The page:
To be fair, since people have been hesitant to contribute to the blog, I’ll take my turn at a post. Two days ago, I gave a talk at Fudan University on the renewal of visual anthropology as a field, talking about why it has become more important due to globalization and the new media. It was also our first chance to publicly show the ethnographic films produced by the class. Because it is finals period here (for both undergraduate and graduate students), my friend Prof. Pan Tianshu was worried about the turnout – but there was a good enough crowd that had good questions, and we had a good dialogue. One of my hosts at the School of Journalism was kind enough to take pictures, and since my Davidson students have been complaining about being the focus of my camera lens, here’s a picture of me.
There seems to be so much change happening in Shanghai that as soon as we teach it in the Davidson classroom, it’s out of date in Shanghai! I feel happy when I run into some things that don’t change, though, and one of my habits when I take student groups to China is to take a group photo with Mao. The statue of Mao just inside Fudan University’s main gate is one of the few remaining statues – it’s getting harder and harder to find The Great Helmsman!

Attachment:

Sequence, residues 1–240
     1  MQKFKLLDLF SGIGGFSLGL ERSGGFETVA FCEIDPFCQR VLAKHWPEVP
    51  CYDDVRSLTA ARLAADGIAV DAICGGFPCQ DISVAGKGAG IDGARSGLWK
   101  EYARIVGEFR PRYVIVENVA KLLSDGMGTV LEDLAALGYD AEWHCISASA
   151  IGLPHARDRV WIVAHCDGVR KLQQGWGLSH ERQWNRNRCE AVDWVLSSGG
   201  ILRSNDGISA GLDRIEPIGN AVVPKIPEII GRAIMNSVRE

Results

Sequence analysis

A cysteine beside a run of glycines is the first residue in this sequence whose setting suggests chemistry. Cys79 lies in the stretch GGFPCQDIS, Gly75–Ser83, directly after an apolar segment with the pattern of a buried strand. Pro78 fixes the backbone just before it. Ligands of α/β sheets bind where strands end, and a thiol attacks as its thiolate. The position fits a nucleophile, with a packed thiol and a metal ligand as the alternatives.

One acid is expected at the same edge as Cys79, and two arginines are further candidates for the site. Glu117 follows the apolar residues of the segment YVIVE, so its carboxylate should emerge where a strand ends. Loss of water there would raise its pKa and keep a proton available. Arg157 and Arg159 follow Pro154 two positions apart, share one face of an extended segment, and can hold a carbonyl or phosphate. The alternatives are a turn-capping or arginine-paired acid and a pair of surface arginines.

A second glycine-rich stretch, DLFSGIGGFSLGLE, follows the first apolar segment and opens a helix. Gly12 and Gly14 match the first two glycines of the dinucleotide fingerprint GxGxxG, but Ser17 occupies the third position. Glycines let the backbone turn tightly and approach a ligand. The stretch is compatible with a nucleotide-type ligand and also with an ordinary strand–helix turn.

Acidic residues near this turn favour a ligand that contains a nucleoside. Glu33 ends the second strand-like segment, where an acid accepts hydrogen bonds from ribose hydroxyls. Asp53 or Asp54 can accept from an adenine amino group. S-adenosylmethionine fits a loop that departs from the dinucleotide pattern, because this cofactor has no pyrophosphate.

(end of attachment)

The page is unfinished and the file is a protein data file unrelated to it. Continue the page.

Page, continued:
The students who had not been to China before (well, everyone except for Brian Aoyama) are beginning to feel more comfortable about getting around on their own. As a teacher, this is an important goal for my bringing students to China – feeling comfortable in a very different culture than their own is the first step to understanding and hopefully further exploring their interests in China. As Ciara described in her post yesterday, we went to nearby Lu Xun Park to film some B roll (miscellaneous background shots). Below is a picture of Rachel Berry at work in the park – her red hair made her stand out even more.